“tourcycle.ca is committed to supporting our environment by offering tours that are safe, healthy and environmentally sustainable.”

Word just came this week of the death of a self proclaimed survivalist who left for an overnight winter hike without any food or shelter. He'd seen this done on television, and thought he'd like to try it.

I've watched a few of these survival programs and was more than slightly amused by the fact that there was a film crew following these guys around. Pretending to be a survivalist only encourages wannabe survivalists to do dangerous and often, may I use the term "stupid" things.

I've often been accused of encouraging people to do stupid things. Recently I was publicly reamed on the Internet for encouraging people to trespass on private property. If you have read my tomes on stealth camping you probably know that stealth camping by its' very nature is not trespassing, but many vocal members of the Internet community can successfully shout you down with loud and uneducated voices.

Stealth camping is not about trespassing, so I'll leave that topic as it has been repeated many times. What stealth camping is about is self reliance. Several months ago a supporter from England emailed me to thank me for helping her overcome the 'fear of the forest'. I was hugely flattered that I had helped someone become more reliant. There is far more to it than that. This person was not a cyclist but a hiker. Touring cyclists and hikers have much in common. We use a lot of the same equipment. I'm just too lazy to carry it on my back, so I've chosen what is probably the most perfect machine every devised to carry it for me.

There is one other difference between touring cyclists and hikers. We cyclists can cover far more territory in a day. That means that we can be urban explorers by day and rural campers by night.

Last year I had to forgo my yearly European sojourn because of a labour dispute. I did manage to run several tours around southern and southwestern Ontario, but no real stealth camping. I did have an opportunity to re-evaluate my equipment carried.

Someone gave me titanium cookware to evaluate. I've now dropped all the aluminium from my kit. The heaviest thing in my panniers was my tool kit. I've cut back in the duplication of tools and cut the kit weight in half. I've added something new this year; a netbook. It's small, but not as small as the Nokia tablet it replaces and it is a whole lot heavier. Because my web business has expanded I really need to stay it touch with clients and do my e-commerce while I'm away and I've decided I can't do it without a real keyboard. You may remember from my blogging that I spilled beer on my old folding keyboard and it didn't work after that. If you add a few devices together and compare weight size and convenience. I'll not bring my MP-3 player as the netbook will do that as well as play videos. I think the netbook comes out on top. We shall see.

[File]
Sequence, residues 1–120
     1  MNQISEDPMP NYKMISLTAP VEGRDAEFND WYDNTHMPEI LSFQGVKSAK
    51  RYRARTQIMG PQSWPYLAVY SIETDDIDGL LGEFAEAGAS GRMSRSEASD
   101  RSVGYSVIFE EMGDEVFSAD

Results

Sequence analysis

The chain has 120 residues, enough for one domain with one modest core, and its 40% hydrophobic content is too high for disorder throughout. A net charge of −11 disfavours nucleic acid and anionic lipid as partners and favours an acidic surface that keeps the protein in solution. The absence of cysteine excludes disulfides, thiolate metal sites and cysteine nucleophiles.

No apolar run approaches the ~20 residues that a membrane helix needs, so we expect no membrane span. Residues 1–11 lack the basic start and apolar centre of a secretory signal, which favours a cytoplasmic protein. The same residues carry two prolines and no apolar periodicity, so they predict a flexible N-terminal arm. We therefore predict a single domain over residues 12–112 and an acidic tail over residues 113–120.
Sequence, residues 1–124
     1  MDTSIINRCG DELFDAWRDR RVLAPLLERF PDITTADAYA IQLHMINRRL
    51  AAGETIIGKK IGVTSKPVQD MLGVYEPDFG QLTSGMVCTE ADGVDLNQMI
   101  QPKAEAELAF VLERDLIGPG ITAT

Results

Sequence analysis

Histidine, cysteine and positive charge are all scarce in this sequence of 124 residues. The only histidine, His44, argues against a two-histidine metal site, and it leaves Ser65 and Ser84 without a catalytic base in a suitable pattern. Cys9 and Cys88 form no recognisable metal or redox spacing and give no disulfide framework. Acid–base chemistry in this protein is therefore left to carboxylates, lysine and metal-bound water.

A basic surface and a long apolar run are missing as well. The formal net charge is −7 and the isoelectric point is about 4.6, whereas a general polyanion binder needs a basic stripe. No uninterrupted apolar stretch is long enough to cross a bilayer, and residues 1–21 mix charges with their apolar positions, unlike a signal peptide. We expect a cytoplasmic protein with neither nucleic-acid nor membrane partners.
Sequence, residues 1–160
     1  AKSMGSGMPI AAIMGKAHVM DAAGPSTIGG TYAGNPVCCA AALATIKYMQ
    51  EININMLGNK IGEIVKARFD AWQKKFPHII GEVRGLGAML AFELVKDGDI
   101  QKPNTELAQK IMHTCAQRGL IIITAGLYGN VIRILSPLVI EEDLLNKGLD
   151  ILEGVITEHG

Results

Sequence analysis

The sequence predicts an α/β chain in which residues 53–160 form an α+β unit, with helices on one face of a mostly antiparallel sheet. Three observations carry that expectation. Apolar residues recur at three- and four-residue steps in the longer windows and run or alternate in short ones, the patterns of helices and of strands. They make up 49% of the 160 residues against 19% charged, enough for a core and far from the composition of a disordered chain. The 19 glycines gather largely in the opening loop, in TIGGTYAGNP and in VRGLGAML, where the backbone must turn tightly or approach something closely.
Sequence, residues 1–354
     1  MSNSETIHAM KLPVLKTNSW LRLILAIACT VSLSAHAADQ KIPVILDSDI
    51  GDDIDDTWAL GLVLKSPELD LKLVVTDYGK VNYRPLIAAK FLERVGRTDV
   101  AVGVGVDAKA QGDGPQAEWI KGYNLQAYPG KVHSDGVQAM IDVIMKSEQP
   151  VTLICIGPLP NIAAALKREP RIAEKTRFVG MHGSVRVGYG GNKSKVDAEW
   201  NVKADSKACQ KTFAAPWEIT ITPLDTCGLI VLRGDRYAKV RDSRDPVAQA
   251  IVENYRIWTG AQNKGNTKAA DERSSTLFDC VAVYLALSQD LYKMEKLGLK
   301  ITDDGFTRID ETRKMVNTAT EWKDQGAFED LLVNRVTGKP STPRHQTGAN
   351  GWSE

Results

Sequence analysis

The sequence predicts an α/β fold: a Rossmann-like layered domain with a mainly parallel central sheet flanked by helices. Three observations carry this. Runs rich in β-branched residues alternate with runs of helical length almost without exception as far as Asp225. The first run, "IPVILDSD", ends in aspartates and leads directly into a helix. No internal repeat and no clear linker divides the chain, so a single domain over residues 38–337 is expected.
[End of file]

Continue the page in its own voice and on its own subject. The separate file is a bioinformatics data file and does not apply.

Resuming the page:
The other thing I've changed this year is the amount of food I carry. I always said I'd carry a two day supply. Freeze-dried food is heavier than you think and I'm limiting myself to emergency rations and condiments and I will continue to shop daily while I'm on the ground.

More and more I need videos I can post on YouTube for clients to see. I've got a very compact and lightweight video camera that takes stills. The stills aren't great, but with my digital camera at 8 megapixels, I have to PhotoShop the images way down for the net anyway.

Does convergence lead to self-reliance? It can, but it can be a barrier. Years ago I was a photographer. I met a number of people who had far better equipment than me, but never took a photograph. Cameras are a tool. Collecting them will not make you a photographer. Equipment will not make you self reliant; your actions will. Foolishly going out into the woods unprepared will not make you self reliant either. Knowledge is strength and strength of body, character and spirit will make you self reliant.

I'll be in Europe from mid May to mid June. I'll be running my Romantic Road tour for 5 days in the middle, so that should give me lots of time to stealth camp and do my self reliance thing before I turn tour guide and hang out in 3 stars.

Hanging around in the forest is good for my soul. I actually do 'hang' in my Hennessy hammock. Solitude, the sounds of the forest and lots of exercise pedalling renews my spirit.

It’s something you just can’t buy

On being self-reliant

Self Reliance and Stealth Camping



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